Cold Matcha Zenzai is one of the many matcha recipes you can make to enjoy Japanese style desserts at home! In this tasty dish, chilled matcha jelly is topped with sweet azuki beans, mochi, and matcha syrup. The pairing of the azuki and matcha creates the perfect balance of sweetness and subtle bitterness and makes for a refreshing little treat.
What is Zenzai?
Zenzai, or Oshiruko depending on where you are from in Japan, is a traditional Japanese sweet. It is made from an azuki bean soup with mochi rice cakes. It is subtly sweet with the signature flavor and aroma of azuki red beans. This is a popular winter dessert in Japan but this chilled matcha jelly version means we can enjoy it in warmer months too!
Azuki beans – These are a type of red bean widely used in Japan and other Asian countries. In Japan it is used to make desserts and traditional sweets. For this I used a ready-made canned azuki bean paste. However, if you can’t access this, you can make azuki bean paste from scratch.
Matcha – Matcha is a traditional Japanese green tea that many people are familiar with nowadays since its popularity skyrocketed over the years. It is the pulverised form of green tea leaves; however it differs from regular green tea as it is grown in the shade which causes an overproduction of chlorophyll. This is what gives the powdered tea its vibrant colour. However, not all matcha tea is the same. Read more below to learn about which grades of matcha to use.
Powdered gelatin – To make the jelly, you will need some form of setting agent. I used Kanten powder which is made from seaweed, making it suitable for vegans. You could also use animal gelatin or agar-agar.
Glutinous rice flour – This is used to make the mochi balls. It can either be shiratamako, Jyoshinko, or mochiko. These can be found in Japanese grocery stores or online.
What type of Matcha to use?
Usually azuki bean soup is what makes Zenzai. However, making it with matcha is also common in Japan. Matcha is a type of green tea in the form of a fine powder that is used in Japanese tea ceremonies, for drinks like smoothies and iced matcha latte, and for many desserts such as ice cream, cookies, and muffins. There are different grades of matcha which vary in flavour and colour. Since we are just using it for cooking, a ceremonial grade matcha is unnecessary, instead opt for a culinary grade matcha. This is still a good quality matcha with the same health benefits and nutrients. Matcha gives this dessert a subtle bitter savoury note, tastes great chilled into jelly, and provides antioxidants.
The easiest way to make mochi balls
If you are a Japanese food lover, you already know what mochi is. Mochi is rice cakes that is made by pounding sweet (mochi) rice into a sticky and chewy ball. It’s not very complicated, however it can be a time consuming and exhausting process if you don’t have a mochi making machine. However, there is an easier way. Using Shiratamako or Jyoshinnko, makes this very simple. These are two types of rice flour, which only require just water or tofu to become mochi.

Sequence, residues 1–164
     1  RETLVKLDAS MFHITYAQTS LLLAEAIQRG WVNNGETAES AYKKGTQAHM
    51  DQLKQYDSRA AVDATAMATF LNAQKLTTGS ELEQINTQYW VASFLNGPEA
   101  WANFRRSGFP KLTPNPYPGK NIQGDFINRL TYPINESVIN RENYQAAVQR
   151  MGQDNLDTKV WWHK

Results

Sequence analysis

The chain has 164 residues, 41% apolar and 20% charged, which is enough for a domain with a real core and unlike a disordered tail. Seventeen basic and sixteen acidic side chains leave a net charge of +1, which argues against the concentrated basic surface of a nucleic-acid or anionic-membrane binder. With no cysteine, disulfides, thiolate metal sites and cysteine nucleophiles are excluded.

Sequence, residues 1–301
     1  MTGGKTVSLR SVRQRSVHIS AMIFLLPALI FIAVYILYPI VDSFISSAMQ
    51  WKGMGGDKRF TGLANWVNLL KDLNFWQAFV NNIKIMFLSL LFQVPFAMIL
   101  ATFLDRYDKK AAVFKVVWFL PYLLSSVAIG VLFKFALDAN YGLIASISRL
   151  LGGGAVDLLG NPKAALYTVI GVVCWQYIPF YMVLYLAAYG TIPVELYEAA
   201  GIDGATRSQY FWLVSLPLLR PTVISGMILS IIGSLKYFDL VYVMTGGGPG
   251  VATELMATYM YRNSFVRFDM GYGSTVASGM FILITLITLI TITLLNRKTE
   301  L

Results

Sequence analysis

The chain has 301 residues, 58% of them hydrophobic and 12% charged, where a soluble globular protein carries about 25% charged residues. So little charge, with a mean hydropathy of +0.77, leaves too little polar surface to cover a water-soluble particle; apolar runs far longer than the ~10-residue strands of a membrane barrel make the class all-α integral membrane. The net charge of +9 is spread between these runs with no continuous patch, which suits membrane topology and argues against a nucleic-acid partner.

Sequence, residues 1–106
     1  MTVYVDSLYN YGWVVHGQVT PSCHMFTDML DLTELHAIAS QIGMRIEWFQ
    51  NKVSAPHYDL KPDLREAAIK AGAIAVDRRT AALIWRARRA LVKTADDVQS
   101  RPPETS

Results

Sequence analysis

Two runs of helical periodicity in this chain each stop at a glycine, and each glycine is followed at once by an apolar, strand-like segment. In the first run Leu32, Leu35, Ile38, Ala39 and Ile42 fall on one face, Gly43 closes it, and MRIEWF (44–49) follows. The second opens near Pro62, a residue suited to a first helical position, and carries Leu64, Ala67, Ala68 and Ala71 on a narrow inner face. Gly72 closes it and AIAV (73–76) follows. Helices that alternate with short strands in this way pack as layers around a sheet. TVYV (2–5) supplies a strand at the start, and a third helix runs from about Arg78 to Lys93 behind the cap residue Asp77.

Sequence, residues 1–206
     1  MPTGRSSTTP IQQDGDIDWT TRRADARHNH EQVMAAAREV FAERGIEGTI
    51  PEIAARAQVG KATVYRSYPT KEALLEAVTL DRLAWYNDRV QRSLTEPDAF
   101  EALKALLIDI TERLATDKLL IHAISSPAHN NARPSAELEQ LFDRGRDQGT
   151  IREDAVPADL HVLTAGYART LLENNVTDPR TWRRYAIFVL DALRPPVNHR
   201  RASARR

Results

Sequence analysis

The dessert for any season
Zenzai is a versatile sweet because it can be enjoyed both hot and cold. It accommodates everyone and suits any season and weather. Using matcha green tea gives it a fresh but bold flavour which means it suits being served at any temperature. This is one of my favorite matcha recipes, especially because it doesn’t require an expensive high quality matcha to taste and look great. This dessert is suitable for anyone, however as it is made with matcha, it does contain caffeine. You can prepare the chilled jelly in a large dish to serve up in small bowls or set the jelly in an individual jar and serve as is.
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Cold Matcha Zenzai
- 2 g powdered gelatin
- 300 ml water
- 2 tbsp icing sugar
- 2 tbsp matcha powder
- 1 tbsp hot water
Mini Mochi Balls
- 1 cup glutinous rice flour
- 1/2 cup water
- 1 tbsp matcha
- 2 tbsp white sugar
- 250 ml hot water
- 1 can ready-made sweet azuki bean paste
- In a small cup, add the matcha powder and icing sugar. Whisk them together with a matcha bamboo whisk in order to avoid creating any lumps. *1
- Pour about 1 tbs of hot water and whisk them together vigorously to make a paste and set aside.
- Put the 300 ml of water and gelatine powder into a sauce pan and cook over medium heat.
- Once the gelatine has dissolved, add the matcha paste and mix them together.
- Remove from the heat and pour into a shallow container and allow it to cool down for a little while.
- Once it has cooled down, place it in the fridge to set at least 30 minutes.
Mini Mochi Balls
- Put the glutinous rice flour into a bowl and gradually add a little amount of the water while stirring it all together until it becomes soft and formed.
- You may not need to use all the water, or may need to use more, just keep adding water until it becomes a firm but still soft consistency. *2
- Fill a large pot with water and bring it boil.
- Roll the mochi mixture into little balls and plop them into the boiling water.
- Once the mochi balls are cooked, they will rise to the surface of the water. Scoop them out and place them in a bowl of cold water.
- Drain out the cold water and divide the mochi balls into four serves in small bowls and set aside.
- Add the matcha and white sugar into a cup. Whisk them together with a bamboo whisk to avoid making lumps.
- Gradually add the hot water and stir together.
- Allow it to cool down and then refrigerate for 30 minutes.
- Take the jelly out of the fridge and cut it into small pieces and divide them into 4 bowls.
- Add mochi balls into the bowls.
- Top with sweet bean paste.
- Pour the matcha syrup over and kinako (soy bean powder) if you like *3